The third Hunts Point Neighborhood Cleanup saw 60 eager volunteers prepared to brave the November cold to clean up the neighborhood. Armed with rakes, dustpans and garbage bags and bins, volunteers split into three groups of 20 to tackle garbage and debris on Hunts Point, Garrison and Lafayette avenues. Even with the wind against them, volunteers young and old persisted, stuffing garbage bag after garbage bag.
Jamine Williams, community coordinator for Urban Health Plan, coordinated with the Healthy Livable Community Initiative to see this year’s event through. The two groups collaborated to identify the community’s needs with smaller cleanups in July and September.
“I was really excited about the turnout today,” said Williams. “We had a lot of residents come out willing to help make their community a cleaner place.”
“I’m local to the community and I feel a certain kinda way when I see the garbage the kids have to walk through. It’s a bad representation of who we are,” said Jenty Velez, 29. “If you can’t take care of your community, if you don’t care about your living space and environment, then where are your moral principles?”
Sol Rivera, 36, was compelled to volunteer because she was tired of seeing garbage on her streets every morning.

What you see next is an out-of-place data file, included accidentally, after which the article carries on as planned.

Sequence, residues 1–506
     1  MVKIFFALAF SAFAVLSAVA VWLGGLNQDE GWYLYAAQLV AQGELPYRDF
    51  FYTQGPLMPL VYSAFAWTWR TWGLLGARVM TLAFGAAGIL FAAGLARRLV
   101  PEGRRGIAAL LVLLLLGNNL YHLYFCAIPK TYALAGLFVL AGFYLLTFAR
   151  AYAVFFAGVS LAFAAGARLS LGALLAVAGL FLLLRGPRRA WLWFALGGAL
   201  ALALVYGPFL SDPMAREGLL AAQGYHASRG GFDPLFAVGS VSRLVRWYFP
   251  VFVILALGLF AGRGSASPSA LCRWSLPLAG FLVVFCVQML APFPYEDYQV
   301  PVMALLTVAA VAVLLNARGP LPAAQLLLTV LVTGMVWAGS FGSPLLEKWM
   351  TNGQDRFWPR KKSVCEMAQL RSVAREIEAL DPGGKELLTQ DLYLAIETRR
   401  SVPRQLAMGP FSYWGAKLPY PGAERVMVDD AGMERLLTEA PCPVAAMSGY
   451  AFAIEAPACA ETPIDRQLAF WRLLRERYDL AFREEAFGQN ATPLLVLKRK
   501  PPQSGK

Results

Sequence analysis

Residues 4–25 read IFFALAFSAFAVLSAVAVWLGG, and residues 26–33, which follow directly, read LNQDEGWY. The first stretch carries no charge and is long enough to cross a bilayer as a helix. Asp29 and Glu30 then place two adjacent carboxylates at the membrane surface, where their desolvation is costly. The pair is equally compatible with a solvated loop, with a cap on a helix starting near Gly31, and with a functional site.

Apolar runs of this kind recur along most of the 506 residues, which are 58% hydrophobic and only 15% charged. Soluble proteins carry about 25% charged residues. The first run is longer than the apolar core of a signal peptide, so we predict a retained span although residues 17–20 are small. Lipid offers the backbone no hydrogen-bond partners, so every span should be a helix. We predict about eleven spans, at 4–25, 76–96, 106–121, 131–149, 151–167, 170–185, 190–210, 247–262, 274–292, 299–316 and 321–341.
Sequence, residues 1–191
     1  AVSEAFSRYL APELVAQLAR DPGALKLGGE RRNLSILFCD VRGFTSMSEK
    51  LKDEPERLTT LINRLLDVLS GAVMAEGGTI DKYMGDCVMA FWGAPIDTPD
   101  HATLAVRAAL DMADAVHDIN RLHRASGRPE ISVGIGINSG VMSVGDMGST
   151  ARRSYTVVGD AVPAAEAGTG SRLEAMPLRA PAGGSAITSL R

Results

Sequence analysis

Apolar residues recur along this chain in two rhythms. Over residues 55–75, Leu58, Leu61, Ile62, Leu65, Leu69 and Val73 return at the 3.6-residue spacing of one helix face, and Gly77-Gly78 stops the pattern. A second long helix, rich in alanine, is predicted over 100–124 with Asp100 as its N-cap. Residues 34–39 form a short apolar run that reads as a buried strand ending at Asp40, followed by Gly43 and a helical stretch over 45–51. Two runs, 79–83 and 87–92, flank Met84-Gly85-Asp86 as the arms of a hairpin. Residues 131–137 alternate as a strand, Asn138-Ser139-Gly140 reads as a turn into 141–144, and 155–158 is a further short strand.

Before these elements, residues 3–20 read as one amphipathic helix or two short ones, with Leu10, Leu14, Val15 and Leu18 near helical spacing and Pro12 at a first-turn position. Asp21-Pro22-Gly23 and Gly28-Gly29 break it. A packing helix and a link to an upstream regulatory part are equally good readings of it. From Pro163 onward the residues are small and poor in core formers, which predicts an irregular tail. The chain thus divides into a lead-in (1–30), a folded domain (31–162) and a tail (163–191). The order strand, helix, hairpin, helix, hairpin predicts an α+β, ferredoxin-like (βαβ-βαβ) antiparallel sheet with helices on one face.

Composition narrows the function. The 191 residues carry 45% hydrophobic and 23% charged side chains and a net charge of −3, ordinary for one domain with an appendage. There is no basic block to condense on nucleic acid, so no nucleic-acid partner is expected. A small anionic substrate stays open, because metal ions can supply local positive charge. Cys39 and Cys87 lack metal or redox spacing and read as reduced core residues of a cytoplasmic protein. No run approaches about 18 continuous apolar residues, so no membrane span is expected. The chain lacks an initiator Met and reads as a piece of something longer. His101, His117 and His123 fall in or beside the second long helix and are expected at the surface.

“I know that every morning when I wake up and walk down the avenue, there’s garbage everywhere,” including syringes, said Rivera. “I don’t think it’s a good environment for our kids to be around.”
For younger volunteers, the cleanup was an opportunity to get involved in the community.
“Helping the community feels really good–it’s like you’re teaming up with God and the community to keep the streets clean,” said Matthew Ron, a student at St. Ignatius School. “It makes me feel like a superhero, cleaning up the streets–it’s like, each piece of garbage is a bad crime and I’m cleaning it up and saving the world!”
Despite his enthusiasm, Ron, 13, felt unsure about spending hours of his Saturday cleaning up when he could have been playing with his friends instead.
“It’s a Saturday. People need to relax after a long week of school but sometimes helping the community is better,” said Ron.
After the cleanup, volunteers assembled at The Point Community Development Corporation (CDC) for lunch, which was provided by the Hunts Point Alliance for Children (HPAC). Turn by turn, volunteers approached the kitchen at The Point for a helping of sweet and sour chicken, prawn rice, fried chicken and noodles.
Volunteers also went home with bags of fresh produce provided by Councilman Rafael Salamanca’s office, which also connected Urban Health Plan with Wildcat Service Corporation, a group that services community needs.
The Point’s Bascom Catering also provided hot beverages.
Williams hopes to schedule another cleanup effort in April. Given the success of her third cleanup, she expects even more volunteers to sign up next time around.
“It’s beautiful to see how the community has come together to just be a part of this effort,” Rivera said.